Counseling Today, From the President

From the President: The importance of self-love

S. Kent Butler January 3, 2022

S. Kent Butler, ACA’s 70th president

Hotep, and happy New Year! Let’s promise to love ourselves fiercely throughout the year.

One of counseling’s most significant mantras is “Do no harm.” For the most part, counselors learn this right out of the box in their counselor education programs. Many counselors take this charge literally and go out of their way to not cause detriment to their clients, but they often overlook this very fact for themselves, leaving their own lives impaired. 

One possible explanation for this might be that a vast majority of people just want to be liked. The fear that they won’t be often causes harmful consequences. I think this is especially true for counselors, who typically prefer not to be in situations where others view them negatively. It’s not a terribly good feeling to be in a “disliked state of mind.” 

This is one of many reasons why it is important to practice self-care. When you embrace and unconditionally love the being you are, then no one can disrupt that narrative and take it away from you. No matter how hard they try, people will not be able to penetrate you with their lies, hatred or venom, which is meant only to psych you out or take you out of the game.

So, how do we build strong constitutions? Self-love! Truth be told, you do not need someone else’s permission or validation to unselfishly love yourself. I like to think of it as giving yourself grace.

To this end, we often inflict hate on ourselves. In such cases, we must remember this tidbit of information: YOU deserve better than YOU sometimes. You owe yourself better. Especially during those times when you can be your own worst enemy or critic. Give yourself grace!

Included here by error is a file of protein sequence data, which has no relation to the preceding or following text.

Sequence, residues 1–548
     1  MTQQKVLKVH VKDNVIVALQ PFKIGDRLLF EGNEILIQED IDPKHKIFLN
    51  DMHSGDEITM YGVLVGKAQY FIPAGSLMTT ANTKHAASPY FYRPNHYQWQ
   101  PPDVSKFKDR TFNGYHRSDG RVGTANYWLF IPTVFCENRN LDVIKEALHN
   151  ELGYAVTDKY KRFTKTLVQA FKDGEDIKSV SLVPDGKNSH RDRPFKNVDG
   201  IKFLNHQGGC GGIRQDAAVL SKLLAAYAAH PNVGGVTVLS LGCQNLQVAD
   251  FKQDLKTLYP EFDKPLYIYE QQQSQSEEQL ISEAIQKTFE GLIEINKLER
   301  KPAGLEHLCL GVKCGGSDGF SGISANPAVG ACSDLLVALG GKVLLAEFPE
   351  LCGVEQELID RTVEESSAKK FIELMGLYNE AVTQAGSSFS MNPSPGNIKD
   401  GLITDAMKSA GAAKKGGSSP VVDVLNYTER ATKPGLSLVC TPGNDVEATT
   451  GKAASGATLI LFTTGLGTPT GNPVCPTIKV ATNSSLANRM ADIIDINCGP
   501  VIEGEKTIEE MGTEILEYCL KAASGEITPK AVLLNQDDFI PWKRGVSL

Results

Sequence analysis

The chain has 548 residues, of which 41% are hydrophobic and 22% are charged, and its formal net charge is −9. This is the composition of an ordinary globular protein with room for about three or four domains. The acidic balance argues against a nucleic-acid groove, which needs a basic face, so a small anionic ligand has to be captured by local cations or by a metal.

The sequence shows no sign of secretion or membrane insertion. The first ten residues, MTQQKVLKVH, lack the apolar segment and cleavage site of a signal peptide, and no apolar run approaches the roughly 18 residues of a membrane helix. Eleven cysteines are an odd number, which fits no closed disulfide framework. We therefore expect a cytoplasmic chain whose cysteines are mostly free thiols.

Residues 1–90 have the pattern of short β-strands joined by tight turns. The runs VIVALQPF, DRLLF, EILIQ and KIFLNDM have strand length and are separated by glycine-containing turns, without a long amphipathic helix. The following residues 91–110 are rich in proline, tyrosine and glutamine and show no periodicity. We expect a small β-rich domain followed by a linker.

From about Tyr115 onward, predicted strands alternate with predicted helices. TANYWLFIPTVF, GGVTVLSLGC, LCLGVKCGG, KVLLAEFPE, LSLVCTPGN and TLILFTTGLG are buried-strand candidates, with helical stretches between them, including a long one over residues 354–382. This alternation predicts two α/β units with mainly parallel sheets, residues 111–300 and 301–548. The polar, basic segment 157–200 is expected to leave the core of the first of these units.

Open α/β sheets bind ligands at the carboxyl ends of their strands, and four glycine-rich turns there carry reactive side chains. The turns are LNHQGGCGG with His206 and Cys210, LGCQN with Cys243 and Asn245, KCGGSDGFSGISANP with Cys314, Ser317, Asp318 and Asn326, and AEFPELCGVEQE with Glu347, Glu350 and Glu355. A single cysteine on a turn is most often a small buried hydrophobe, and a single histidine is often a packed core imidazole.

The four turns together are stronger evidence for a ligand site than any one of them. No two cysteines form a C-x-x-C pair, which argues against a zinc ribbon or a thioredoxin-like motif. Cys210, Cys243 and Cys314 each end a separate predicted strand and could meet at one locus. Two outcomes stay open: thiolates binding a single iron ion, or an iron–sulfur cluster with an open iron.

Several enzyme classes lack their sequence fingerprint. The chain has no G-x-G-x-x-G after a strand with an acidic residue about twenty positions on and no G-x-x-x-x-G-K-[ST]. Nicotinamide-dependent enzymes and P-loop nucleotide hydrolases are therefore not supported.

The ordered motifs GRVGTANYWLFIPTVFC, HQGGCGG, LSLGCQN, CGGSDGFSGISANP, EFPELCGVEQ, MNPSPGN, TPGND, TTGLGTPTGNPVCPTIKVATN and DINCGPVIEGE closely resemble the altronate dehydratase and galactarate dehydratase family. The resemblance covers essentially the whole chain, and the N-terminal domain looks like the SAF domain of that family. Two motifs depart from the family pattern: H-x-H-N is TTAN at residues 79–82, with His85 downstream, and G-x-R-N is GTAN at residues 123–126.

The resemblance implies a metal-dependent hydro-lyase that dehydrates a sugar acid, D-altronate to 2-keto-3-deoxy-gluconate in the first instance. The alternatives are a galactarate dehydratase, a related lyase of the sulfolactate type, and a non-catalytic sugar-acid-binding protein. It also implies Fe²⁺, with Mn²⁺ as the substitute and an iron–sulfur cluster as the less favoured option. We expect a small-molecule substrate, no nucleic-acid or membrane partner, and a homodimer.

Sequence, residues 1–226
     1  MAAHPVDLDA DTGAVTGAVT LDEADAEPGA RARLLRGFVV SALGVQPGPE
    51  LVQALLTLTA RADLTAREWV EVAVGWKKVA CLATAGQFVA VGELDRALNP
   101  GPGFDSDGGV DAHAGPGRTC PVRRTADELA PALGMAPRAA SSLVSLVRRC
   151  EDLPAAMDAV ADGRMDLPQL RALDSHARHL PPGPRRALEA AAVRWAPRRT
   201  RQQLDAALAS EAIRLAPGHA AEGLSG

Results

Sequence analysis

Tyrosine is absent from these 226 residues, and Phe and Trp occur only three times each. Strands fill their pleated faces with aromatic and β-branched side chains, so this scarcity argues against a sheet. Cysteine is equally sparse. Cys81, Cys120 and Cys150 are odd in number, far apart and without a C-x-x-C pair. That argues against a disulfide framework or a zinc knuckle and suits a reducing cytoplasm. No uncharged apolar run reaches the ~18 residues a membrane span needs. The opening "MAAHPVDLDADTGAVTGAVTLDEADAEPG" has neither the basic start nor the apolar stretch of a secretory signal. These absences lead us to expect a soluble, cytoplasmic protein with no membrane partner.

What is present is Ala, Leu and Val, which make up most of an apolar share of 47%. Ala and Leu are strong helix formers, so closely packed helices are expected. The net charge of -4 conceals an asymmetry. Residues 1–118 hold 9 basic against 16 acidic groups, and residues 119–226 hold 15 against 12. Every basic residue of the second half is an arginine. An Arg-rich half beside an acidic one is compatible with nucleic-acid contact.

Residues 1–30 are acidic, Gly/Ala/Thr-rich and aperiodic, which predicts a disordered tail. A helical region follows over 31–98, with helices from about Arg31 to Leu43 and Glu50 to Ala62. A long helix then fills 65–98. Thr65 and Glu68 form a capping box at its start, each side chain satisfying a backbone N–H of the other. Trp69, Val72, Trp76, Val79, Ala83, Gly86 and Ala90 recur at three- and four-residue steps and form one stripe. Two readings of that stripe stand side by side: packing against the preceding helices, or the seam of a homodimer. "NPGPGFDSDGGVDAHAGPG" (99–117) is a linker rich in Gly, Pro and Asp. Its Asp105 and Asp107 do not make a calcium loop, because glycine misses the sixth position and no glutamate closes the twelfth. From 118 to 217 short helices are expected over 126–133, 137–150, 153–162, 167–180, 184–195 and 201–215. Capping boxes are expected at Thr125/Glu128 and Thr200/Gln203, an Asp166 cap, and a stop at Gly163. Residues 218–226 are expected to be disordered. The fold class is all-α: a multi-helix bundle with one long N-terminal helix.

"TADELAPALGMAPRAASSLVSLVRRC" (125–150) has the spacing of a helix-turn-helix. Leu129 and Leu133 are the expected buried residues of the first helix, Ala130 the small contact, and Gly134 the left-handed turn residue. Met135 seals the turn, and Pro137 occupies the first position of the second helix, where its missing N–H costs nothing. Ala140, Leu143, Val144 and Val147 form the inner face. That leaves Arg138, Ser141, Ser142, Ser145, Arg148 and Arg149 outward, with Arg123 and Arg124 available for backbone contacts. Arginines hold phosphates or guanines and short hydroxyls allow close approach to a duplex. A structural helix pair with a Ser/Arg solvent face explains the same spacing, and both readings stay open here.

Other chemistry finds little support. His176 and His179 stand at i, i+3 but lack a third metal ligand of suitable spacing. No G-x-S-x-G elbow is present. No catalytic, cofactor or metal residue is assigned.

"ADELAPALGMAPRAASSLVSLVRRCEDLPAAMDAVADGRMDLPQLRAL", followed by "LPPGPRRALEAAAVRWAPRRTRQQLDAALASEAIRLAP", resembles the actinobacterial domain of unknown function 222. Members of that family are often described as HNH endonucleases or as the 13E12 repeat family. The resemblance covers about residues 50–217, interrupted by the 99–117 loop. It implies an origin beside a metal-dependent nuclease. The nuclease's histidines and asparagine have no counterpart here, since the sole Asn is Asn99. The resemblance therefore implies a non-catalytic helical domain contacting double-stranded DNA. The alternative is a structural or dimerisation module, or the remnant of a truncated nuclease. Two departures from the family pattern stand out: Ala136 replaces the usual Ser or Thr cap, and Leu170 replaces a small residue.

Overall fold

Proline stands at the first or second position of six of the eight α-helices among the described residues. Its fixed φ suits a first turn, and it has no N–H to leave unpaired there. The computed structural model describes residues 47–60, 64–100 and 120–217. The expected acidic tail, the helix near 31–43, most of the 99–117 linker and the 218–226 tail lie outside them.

I am reminded of a quote from For Colored Girls Who Have Considered Suicide/When the Rainbow Is Enuf by playwright and poet Ntozake Shange: “i found god in myself and i loved her
i loved her fiercely.”

My wife practices a very simple but powerful saying as her everyday mantra: “You are enough!” Period! End of story! And in this case, positively stamped with an exclamation point!

Starting in the academy, I remember how I came to start loving and believing in myself more. It was after receiving one of my first student teaching evaluations: “I can’t believe my tuition dollars are paying his salary.” I was hurt by this jab because it wasn’t meant to provide constructive criticism as much as it was meant to knock me down. Time for a positive reframe. I could not let remarks like this take me away from my purpose or deflate my self-esteem.

Counselors don’t spew hate, right? Sure they do. They are human, and perhaps it’s just human nature to put someone down to lift oneself up. But that is backward thinking. Perhaps it is more advantageous to love yourself deeply, and in that space and time, you have no desire to hurt other people. Wounded people hurt other people.

In that vein, and some 20 years later, I recently received a training evaluation that likewise provided no constructive points to grow on. Prompted to share their aha moment, this person wrote (verbatim): “realized some people do not have much ego strength and take things too personally (any type of criticism is blamed on racism/discrimination etc.).” Not very reflective after undergoing diversity training, and deliberately stated to cause harm. Nowadays, anonymous digs never hit me as powerfully as the person who sends them thinks they will. The person may feel good writing them, but in reality, I immediately flick them off my shoulder to fall by the wayside to wither away and die.

Don’t let messy people steal your joy! If I had given up on my dream of being a successful professor, leader, social justice advocate and mentor, I would not be where I am today. 

Ego intact!

#ShakeItUp and #TapSomeoneIn.

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